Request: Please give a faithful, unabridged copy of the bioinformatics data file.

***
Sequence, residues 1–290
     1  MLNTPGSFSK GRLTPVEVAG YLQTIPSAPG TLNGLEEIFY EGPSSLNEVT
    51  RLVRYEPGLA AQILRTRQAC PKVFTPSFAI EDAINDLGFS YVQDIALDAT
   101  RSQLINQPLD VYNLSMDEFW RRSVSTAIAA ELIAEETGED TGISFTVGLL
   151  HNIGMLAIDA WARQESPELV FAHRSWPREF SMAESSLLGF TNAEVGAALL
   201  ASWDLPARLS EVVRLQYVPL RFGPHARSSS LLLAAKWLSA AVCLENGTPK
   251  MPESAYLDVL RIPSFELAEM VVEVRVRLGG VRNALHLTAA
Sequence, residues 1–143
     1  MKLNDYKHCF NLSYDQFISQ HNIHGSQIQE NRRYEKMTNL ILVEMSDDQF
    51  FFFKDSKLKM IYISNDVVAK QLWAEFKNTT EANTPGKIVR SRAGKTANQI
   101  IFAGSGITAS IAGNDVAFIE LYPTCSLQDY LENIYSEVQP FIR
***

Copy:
Sequence, residues 1–290
     1  MLNTPGSFSK GRLTPVEVAG YLQTIPSAPG TLNGLEEIFY EGPSSLNEVT
    51  RLVRYEPGLA AQILRTRQAC PKVFTPSFAI EDAINDLGFS YVQDIALDAT
   101  RSQLINQPLD VYNLSMDEFW RRSVSTAIAA ELIAEETGED TGISFTVGLL
   151  HNIGMLAIDA WARQESPELV FAHRSWPREF SMAESSLLGF TNAEVGAALL
   201  ASWDLPARLS EVVRLQYVPL RFGPHARSSS LLLAAKWLSA AVCLENGTPK
   251  MPESAYLDVL RIPSFELAEM VVEVRVRLGG VRNALHLTAA
Sequence, residues 1–143
     1  MKLNDYKHCF NLSYDQFISQ HNIHGSQIQE NRRYEKMTNL ILVEMSDDQF
    51  FFFKDSKLKM IYISNDVVAK QLWAEFKNTT EANTPGKIVR SRAGKTANQI
   101  IFAGSGITAS IAGNDVAFIE LYPTCSLQDY LENIYSEVQP FIR